Bryan Kohberger’s Idaho murders trial will be livestreamed

Bryan Kohberger’s Idaho murders trial will be livestreamed

The murder trial of Bryan Kohberger, the former Ph.D. criminology student suspected of killing four University of Idaho students in a brutal attack a year ago, will be livestreamed, a judge has ruled.

Idaho District Judge John Judge granted Mr Kohberger’s request to remove media cameras from the courtroom – but ruled that any future public proceedings will still be livestreamed on the court’s YouTube channel using its own equipment.

The decision comes just a week after the one-year anniversary of the tragic murders and after months of anticipation in the highly publicised case.

Mr Kohberger, who turns 29 this week, is accused in the 13 November 2022 fatal stabbings of Kaylee Goncalves, 21, and Madison Mogen, 21, Ethan Chapin, 20, Xana Kernodle, 20, at an off-campus house in Moscow, Idaho. Investigators say DNA evidence on a military knife sheath found near Mogen’s body at the house tied Kohberger to the scene.

“It is the intense focus on Kohberger and his every move, along with adverse headlines and news articles, that leads the Court to conclude that continued photograph and video coverage inside the courtroom by the media should no longer be permitted,” the judge wrote in the ruling.

Bryan Kohberger in court in September (AP)
Bryan Kohberger in court in September (AP)

Back in September, Mr Kohberger’s attorneys asked for cameras to be banned from the Latah County courtroom. The judge said he was concerned not by the act of recording itself, but how the footage might be treated by news outlets and social media. Commentators “talk about it”, he said at the time, and “a lot of times it is not very accurate.”

The new order means members of the media and public will not be allowed to record their own video, audio or take photographs of future hearings.

But a livestream of the proceedings will be available through the judge’s YouTube channel.

"This will help to alleviate the concerns raised by both the defense and the State, but at the same time will ensure the public still has access to see the proceedings for themselves if they cannot attend hearings in-person," the order states.

The judge also denied a media coalition’s motion to intervene in the case. He accused the media of violating his requests not to exclusively zoom in on Mr Kohberger’s face and not to record before or after court is in session.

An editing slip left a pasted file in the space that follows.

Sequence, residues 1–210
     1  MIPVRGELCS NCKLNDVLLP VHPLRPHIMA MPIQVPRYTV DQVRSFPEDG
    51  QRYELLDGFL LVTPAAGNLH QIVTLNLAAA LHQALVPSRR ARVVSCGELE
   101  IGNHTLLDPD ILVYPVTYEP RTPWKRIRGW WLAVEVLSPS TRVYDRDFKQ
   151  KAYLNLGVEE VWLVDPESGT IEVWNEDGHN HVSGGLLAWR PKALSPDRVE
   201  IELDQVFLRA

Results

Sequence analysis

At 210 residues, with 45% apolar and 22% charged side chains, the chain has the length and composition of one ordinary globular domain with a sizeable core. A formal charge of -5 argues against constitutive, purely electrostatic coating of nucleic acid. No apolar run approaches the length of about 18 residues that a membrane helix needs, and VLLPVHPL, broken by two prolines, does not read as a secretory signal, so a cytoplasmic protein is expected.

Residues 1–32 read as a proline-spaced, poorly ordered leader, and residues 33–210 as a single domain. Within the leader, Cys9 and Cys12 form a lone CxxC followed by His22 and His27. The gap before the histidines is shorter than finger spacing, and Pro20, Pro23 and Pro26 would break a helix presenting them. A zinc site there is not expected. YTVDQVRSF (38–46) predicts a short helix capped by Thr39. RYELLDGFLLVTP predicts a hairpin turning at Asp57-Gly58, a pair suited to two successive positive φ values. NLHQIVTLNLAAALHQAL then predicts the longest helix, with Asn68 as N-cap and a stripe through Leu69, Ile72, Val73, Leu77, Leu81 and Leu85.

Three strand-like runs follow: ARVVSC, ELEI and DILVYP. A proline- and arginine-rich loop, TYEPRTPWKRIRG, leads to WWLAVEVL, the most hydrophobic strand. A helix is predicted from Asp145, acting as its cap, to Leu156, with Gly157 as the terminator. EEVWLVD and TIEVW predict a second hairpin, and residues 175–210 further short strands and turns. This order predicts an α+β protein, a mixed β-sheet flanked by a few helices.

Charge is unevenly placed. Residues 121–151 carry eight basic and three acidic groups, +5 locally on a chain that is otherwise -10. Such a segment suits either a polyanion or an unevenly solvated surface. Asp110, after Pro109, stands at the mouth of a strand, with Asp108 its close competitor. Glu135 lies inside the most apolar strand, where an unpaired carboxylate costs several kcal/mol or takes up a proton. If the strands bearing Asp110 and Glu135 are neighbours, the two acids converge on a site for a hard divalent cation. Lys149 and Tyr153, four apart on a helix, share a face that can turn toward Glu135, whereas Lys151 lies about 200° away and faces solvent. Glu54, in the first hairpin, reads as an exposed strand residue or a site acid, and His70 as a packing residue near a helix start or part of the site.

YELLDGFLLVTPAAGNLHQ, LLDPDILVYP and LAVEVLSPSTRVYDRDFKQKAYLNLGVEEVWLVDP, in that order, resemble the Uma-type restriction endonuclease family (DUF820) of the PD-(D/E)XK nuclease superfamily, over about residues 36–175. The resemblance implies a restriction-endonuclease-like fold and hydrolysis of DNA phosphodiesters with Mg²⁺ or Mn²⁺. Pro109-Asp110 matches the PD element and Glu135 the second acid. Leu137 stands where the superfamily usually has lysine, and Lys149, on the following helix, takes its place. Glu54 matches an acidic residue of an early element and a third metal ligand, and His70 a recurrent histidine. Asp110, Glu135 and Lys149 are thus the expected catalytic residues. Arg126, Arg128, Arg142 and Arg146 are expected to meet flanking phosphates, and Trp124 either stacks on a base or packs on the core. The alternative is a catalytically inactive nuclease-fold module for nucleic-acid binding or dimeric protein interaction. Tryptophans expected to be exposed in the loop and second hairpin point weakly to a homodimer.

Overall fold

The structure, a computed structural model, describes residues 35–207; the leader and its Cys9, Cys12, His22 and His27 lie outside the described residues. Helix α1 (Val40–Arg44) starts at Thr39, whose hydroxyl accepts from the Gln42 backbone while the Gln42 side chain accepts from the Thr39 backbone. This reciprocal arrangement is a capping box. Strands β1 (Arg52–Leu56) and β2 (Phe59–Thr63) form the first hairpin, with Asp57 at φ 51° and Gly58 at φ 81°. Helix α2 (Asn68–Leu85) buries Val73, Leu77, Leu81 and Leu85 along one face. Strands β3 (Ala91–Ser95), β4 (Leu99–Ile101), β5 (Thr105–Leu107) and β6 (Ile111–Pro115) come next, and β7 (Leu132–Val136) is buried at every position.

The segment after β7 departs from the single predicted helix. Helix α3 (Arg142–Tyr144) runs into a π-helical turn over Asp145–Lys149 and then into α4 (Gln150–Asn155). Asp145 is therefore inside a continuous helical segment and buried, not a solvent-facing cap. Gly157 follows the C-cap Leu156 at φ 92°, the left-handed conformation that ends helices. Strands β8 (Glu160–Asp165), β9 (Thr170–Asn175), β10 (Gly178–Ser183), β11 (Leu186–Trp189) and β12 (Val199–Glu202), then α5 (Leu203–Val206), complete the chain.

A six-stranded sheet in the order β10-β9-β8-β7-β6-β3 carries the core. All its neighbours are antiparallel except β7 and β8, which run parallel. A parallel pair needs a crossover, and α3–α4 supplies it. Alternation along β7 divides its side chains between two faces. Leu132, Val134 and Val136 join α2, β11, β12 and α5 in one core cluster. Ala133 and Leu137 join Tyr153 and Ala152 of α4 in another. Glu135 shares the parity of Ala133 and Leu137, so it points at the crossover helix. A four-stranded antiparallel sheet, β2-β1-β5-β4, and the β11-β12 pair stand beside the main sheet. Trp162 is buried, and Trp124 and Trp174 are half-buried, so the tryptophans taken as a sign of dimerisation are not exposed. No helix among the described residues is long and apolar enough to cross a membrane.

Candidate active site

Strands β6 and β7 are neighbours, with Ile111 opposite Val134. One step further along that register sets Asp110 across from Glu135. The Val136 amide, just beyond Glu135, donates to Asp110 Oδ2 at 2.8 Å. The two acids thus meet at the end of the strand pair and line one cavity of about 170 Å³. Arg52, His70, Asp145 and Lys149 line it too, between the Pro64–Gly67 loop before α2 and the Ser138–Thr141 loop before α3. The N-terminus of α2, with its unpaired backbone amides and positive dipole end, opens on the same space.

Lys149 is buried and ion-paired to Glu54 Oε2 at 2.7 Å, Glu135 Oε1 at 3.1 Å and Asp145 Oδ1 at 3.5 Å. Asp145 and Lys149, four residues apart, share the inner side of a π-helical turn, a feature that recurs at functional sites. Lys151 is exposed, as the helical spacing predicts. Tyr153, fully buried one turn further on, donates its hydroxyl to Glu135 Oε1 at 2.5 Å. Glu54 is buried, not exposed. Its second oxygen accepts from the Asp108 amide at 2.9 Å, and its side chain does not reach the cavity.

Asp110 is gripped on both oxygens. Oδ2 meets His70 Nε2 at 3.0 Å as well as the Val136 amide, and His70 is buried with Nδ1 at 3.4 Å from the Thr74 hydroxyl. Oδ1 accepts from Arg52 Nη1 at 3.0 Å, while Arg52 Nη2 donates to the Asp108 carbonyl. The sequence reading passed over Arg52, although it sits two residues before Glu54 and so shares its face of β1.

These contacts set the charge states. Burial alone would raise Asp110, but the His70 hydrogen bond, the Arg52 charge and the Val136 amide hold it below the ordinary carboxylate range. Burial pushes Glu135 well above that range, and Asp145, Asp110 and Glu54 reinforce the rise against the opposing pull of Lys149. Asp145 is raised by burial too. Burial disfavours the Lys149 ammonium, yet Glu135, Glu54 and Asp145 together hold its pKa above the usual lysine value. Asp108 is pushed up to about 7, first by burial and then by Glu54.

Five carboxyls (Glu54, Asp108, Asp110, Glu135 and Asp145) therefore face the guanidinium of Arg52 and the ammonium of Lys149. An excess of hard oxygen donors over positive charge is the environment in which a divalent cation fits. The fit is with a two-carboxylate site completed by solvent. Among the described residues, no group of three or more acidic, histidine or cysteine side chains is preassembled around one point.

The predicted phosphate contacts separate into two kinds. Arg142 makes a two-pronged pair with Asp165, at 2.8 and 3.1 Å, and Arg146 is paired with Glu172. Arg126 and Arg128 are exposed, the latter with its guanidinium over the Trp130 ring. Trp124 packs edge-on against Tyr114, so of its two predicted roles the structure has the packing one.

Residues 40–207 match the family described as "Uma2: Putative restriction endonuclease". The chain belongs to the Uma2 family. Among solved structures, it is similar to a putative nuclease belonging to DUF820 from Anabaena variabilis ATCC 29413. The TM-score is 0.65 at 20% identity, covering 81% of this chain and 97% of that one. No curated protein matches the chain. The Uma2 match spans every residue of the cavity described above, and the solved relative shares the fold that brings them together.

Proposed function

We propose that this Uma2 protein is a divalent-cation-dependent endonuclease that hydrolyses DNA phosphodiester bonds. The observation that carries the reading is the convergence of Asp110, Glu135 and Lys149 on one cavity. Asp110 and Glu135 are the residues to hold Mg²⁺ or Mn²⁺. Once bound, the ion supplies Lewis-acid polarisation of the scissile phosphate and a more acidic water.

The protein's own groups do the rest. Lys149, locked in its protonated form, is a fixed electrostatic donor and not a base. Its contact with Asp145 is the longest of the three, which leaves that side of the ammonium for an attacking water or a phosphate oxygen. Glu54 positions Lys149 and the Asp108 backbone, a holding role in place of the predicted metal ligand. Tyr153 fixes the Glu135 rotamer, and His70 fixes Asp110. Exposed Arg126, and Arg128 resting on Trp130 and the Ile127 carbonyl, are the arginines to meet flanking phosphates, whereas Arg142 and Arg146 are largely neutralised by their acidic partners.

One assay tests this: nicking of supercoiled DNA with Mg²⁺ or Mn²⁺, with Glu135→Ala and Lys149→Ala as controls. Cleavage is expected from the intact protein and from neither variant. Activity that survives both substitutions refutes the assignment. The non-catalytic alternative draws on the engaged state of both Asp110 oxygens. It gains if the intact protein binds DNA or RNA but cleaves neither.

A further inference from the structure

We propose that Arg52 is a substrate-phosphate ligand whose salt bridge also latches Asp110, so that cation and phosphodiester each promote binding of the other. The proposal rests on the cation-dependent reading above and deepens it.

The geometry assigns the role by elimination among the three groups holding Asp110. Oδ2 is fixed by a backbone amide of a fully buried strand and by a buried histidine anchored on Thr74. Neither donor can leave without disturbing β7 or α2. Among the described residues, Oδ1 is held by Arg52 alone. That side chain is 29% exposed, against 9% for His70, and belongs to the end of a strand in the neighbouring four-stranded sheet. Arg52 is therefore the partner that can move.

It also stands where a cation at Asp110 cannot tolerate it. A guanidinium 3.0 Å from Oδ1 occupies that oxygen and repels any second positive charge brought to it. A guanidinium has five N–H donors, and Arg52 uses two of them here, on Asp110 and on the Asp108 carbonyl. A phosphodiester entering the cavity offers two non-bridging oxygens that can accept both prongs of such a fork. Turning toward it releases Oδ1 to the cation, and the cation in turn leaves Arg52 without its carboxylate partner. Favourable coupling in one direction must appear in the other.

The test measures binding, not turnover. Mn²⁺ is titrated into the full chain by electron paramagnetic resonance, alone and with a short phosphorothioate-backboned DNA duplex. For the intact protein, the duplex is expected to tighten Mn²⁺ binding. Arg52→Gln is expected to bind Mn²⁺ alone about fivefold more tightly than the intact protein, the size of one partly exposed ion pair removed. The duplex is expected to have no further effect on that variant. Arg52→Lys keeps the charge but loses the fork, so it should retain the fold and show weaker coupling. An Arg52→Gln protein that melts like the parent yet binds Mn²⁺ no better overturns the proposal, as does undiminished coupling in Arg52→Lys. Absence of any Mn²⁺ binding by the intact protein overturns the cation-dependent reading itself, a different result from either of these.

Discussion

“Additionally, defense counsel has raised continued concerns with video footage and photographs capturing private documents on counsel tables. This is again in violation of the Court’s directives,” the order continues.

“The State has also raised issues of vulnerable victims and witnesses being filmed during testimony. At this juncture, the Court has no confidence that directives to stop photographing or videoing during such testimony would be adhered to.”

In the ruling, the judge cited the high-profile case of “Doomsday cult” mom Lori Vallow to support his decision.

“As was noted by District Judge Steven W. Boyce in his Memorandum Decision and Order Prohibiting Video and Photographic Coverage in the case of State of Idaho v. Lori Norene Vallow aka Lori Norene Vallow Daybell ‘[a]greement between the State and Defense on any issue in a capital case is rare, further confirming to the Court the legitimacy and level of concern counsel have raised.’ The same is true in this case.”

Ethan Chapin, 20, Madison Mogen, 21, Xana Kernodle, 20, and Kaylee Goncalves, 21, were killed on 13 November (Instagram)
Ethan Chapin, 20, Madison Mogen, 21, Xana Kernodle, 20, and Kaylee Goncalves, 21, were killed on 13 November (Instagram)

In May, Kohberger declined to enter a plea at his arraignment, forcing the judge to enter not guilty pleas on his behalf for four charges of first-degree murder and another of felony burglary. He could face death by firing squad if convicted.

In August, Mr Kohberger waived his right to a speedy trial, postponing the proceedings indefinitely.

On 27 October, Mr Kohberger appeared in court for a hearing on a motion to dismiss the indictment against him.

The defence argued that the grand jury which brought the indictment had been improperly handed.

The judge disagreed, ruling that the indictment will stand.